(Bloomberg) — The University of Michigan’s final June reading of longer-term US consumer inflation expectations settled back from an initially reported 14-year high, potentially reducing the urgency for steeper Federal Reserve interest-rate hikes.

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Respondents said they expect inflation to rise 3.1% over the next five to 10 years, down from a preliminary reading of 3.3%, according to Friday’s report. They see prices advancing 5.3% over the next year, matching the initial figure.

“Overall, the late-June reversion in long run inflation expectations was generated by growth in the share of consumers expecting extremely low inflation in the years ahead,” Joanne Hsu, director of the survey, said in a statement. “About half of these consumers expressed bleak views about the risks of recession or unemployment during the interviews.”

The inflation-expectations results earlier this month played a key role in the Fed’s decision last week to raise interest rates by the most since 1994. Chair Jerome Powell said the Michigan data, along with other recent inflation metrics, helped steer policy makers toward a 75 basis-point hike, rather than 50 basis points.

At a press conference following the move, Powell said the pickup in expectations was “quite eye-catching” and emphasized how important it is for the central bank to keep long-term inflation expectations anchored. Still, Powell acknowledged that the preliminary number could be revised.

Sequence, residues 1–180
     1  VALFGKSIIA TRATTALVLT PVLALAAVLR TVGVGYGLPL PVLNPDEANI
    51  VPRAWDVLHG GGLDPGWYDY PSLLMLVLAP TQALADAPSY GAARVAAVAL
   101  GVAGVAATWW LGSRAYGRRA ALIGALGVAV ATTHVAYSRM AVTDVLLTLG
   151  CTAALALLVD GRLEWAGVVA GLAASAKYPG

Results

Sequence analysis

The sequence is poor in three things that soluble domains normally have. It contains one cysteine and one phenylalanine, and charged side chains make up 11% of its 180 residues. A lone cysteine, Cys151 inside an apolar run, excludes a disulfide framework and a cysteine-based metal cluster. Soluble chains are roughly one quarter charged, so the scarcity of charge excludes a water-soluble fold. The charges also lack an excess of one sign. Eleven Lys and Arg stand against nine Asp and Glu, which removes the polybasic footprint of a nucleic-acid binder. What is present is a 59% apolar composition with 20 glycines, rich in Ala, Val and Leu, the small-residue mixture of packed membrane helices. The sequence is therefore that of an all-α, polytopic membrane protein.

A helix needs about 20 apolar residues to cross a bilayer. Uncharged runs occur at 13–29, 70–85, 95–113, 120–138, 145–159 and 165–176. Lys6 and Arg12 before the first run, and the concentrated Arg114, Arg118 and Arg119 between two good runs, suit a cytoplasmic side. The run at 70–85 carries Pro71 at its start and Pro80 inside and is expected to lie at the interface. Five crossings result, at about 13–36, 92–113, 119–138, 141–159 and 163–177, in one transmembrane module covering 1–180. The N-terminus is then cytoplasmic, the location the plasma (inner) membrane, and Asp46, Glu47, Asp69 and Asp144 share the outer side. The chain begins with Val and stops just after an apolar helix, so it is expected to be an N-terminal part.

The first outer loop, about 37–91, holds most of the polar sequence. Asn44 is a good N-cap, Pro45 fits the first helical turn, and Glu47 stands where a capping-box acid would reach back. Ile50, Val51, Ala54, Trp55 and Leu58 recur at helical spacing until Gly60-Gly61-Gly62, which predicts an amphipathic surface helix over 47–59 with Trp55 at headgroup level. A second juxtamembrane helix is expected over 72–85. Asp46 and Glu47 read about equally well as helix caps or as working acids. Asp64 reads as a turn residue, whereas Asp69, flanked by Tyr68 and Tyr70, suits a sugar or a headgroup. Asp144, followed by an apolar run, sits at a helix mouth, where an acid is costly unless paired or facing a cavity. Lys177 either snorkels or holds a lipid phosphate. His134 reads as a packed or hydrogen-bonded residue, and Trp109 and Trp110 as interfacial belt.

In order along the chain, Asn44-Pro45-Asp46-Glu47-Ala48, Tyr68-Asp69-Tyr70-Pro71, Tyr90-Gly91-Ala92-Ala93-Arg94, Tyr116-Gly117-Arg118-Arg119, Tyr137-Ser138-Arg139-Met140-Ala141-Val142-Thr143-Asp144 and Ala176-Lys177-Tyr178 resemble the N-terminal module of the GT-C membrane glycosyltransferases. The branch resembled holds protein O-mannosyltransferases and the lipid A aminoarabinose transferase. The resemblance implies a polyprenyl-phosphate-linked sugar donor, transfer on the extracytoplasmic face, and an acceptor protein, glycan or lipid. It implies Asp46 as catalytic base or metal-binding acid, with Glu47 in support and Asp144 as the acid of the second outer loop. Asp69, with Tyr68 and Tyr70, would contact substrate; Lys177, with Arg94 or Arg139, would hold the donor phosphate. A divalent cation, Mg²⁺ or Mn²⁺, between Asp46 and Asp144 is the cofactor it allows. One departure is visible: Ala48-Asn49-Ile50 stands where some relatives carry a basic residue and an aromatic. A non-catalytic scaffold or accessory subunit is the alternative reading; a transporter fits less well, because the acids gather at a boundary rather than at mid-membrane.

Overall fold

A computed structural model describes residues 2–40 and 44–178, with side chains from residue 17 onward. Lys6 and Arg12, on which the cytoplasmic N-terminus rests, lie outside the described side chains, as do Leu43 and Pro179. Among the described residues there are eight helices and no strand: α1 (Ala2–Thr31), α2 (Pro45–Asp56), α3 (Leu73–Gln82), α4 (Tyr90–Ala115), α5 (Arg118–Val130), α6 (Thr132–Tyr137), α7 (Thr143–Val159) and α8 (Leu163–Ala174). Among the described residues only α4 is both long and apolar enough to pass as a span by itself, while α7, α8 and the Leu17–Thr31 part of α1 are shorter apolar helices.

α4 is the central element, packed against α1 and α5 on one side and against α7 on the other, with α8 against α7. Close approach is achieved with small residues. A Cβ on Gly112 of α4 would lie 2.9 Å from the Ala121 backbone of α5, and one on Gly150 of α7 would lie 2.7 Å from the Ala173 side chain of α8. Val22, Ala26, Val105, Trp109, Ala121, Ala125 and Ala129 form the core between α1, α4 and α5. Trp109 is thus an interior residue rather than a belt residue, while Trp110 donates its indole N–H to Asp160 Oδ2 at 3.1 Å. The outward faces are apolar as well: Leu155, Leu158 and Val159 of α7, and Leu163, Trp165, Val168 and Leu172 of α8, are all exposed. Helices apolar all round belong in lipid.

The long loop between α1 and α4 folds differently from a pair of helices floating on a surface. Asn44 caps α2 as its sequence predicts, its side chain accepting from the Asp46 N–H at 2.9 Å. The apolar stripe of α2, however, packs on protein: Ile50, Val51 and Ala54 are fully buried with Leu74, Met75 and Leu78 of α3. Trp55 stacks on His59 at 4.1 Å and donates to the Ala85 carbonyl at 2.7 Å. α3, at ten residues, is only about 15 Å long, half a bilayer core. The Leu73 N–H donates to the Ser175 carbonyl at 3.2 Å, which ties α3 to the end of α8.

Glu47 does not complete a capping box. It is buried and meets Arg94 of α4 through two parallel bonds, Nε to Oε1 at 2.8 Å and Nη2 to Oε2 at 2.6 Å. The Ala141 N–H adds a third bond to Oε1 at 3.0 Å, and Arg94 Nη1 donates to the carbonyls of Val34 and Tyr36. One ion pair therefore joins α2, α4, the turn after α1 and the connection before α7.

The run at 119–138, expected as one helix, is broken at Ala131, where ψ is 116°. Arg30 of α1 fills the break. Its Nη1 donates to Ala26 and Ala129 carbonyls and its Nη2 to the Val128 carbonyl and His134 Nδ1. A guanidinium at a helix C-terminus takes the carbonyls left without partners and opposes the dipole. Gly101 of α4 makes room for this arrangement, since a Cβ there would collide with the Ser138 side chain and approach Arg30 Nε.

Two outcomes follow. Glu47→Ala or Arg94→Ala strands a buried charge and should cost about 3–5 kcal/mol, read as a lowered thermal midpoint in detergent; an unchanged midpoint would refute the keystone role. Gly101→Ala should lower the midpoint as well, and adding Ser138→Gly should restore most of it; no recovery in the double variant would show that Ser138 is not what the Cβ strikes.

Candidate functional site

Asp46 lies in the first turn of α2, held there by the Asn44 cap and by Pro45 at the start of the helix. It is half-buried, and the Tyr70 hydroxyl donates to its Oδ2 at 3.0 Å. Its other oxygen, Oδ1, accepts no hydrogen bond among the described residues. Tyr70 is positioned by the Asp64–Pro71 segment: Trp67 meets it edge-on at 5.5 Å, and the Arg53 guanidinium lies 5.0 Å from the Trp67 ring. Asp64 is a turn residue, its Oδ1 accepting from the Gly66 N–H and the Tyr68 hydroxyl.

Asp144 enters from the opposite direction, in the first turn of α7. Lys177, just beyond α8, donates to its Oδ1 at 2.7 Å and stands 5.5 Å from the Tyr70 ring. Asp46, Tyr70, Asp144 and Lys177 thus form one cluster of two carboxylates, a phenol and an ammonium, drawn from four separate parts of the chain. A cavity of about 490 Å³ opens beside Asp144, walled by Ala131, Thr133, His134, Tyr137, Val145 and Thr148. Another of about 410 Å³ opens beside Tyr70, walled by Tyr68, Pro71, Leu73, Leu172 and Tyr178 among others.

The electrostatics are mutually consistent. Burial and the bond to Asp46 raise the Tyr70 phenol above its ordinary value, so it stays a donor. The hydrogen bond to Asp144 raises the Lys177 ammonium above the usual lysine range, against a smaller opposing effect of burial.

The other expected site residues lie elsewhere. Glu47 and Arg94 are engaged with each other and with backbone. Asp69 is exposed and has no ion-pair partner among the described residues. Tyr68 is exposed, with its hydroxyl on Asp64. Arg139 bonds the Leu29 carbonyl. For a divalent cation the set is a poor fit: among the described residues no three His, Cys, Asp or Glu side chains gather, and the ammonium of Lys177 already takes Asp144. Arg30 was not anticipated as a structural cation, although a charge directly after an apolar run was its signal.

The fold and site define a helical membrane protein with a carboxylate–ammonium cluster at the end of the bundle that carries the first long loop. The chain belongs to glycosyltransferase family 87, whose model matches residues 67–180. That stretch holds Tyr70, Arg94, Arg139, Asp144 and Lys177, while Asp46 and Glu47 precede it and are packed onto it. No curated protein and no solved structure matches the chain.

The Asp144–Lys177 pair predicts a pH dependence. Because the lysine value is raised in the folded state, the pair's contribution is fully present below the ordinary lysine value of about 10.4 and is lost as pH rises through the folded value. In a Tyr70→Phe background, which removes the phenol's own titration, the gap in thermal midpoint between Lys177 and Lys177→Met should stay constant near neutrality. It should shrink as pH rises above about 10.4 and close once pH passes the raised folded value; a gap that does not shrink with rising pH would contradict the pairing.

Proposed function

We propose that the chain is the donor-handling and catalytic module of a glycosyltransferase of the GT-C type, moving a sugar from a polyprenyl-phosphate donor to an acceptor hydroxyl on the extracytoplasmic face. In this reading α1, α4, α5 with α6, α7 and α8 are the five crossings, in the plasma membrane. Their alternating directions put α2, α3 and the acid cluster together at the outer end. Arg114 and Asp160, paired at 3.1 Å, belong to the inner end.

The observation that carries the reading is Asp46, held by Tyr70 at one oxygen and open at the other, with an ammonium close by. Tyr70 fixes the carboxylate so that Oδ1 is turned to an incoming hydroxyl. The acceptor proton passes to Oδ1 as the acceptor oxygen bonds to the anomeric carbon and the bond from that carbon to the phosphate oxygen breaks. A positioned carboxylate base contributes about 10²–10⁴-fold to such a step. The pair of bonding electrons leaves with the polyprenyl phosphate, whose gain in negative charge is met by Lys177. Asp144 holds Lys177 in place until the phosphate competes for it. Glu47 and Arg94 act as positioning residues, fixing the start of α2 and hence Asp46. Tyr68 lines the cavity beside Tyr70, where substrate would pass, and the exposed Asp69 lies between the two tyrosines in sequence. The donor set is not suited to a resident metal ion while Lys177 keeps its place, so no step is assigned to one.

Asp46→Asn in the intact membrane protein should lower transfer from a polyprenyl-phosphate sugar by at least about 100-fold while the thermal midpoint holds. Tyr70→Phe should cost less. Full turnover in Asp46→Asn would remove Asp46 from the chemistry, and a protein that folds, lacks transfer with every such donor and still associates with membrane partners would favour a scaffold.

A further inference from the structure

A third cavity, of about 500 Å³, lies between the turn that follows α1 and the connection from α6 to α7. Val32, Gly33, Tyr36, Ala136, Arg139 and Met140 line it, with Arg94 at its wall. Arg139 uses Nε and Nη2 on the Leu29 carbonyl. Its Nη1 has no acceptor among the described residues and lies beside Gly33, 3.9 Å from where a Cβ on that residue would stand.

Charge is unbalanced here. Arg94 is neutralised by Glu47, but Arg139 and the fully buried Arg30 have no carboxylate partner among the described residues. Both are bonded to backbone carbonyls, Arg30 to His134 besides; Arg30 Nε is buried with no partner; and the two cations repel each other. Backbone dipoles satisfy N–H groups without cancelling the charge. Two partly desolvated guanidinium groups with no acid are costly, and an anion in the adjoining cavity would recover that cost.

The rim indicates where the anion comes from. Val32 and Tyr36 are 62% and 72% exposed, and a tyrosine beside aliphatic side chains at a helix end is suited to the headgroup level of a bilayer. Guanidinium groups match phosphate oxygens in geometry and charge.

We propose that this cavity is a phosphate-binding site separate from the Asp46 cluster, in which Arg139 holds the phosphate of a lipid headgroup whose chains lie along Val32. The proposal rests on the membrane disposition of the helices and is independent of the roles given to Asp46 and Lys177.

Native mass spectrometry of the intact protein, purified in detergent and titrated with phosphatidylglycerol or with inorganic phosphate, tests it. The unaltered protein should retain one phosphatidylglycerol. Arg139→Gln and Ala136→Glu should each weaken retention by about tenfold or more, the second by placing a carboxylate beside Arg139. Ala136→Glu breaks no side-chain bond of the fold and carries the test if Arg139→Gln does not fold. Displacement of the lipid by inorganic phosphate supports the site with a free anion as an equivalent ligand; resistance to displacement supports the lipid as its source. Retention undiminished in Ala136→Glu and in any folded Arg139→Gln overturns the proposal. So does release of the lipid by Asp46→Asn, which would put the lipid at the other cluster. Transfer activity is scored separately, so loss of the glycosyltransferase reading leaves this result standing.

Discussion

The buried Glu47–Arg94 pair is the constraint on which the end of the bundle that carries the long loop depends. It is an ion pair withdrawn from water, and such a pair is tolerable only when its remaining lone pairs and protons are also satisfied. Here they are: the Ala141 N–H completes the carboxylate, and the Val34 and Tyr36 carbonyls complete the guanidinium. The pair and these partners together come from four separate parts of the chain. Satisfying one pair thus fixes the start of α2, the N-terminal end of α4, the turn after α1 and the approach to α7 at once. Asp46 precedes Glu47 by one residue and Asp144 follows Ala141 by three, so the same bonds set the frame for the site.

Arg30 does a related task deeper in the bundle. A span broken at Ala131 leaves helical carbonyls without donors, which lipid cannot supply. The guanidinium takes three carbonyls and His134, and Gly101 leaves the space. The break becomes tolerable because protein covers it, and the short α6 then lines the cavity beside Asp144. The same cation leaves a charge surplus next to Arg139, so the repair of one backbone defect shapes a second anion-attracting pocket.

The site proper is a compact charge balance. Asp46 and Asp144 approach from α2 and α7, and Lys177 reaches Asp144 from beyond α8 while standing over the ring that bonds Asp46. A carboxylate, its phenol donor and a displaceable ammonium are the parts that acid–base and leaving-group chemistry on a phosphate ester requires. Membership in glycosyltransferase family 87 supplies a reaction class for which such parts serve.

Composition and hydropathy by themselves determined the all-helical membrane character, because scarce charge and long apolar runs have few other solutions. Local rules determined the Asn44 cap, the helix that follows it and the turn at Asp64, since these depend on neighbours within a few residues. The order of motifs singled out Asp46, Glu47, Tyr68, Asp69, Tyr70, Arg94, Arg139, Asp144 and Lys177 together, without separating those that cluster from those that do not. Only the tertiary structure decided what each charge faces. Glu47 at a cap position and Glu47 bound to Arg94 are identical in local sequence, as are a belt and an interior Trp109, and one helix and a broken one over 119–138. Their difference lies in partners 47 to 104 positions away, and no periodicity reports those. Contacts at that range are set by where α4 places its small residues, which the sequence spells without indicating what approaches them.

What Bloomberg Economics Says…

“The Fed’s willingness to react to late-breaking data releases means financial-market expectations for the size of upcoming hikes may remain unusually responsive to volatile commodity prices and partial survey data.”

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— Andrew Husby, economist

For the full note, click here.

According to the report, consumers still expressed the highest level of uncertainty over long-run inflation since 1991, though respondents were broadly certain about the direction of Fed policy.

The S&P 500 advanced and Treasuries erased losses after the figures. Traders scaled back bets that the Fed will raise interest rates by 75 basis points in July.

Meantime, the university’s overall sentiment index was little changed at a record-low of 50, down slightly from the preliminary June reading and the 58.4 print in the prior month.

The sharp decline reflects decades-high inflation, a slump in stock prices over the past month, and generally downbeat views on the state of the economy amid growing fears of an imminent recession.

The gauge of current conditions lost more ground late in the month. The gauge fell to a fresh low of 53.8. The measure of future expectations improved slightly from earlier this month. Still, the index was among the lowest on record.

Buying conditions for household durable goods also deteriorated further, with the index dropping to a fresh record low, according to the University of Michigan report.

“Continued pessimism on both personal finances and the economy could dampen consumer spending going forward,” Hsu said.

(Adds Bloomberg Economics’ reaction.)

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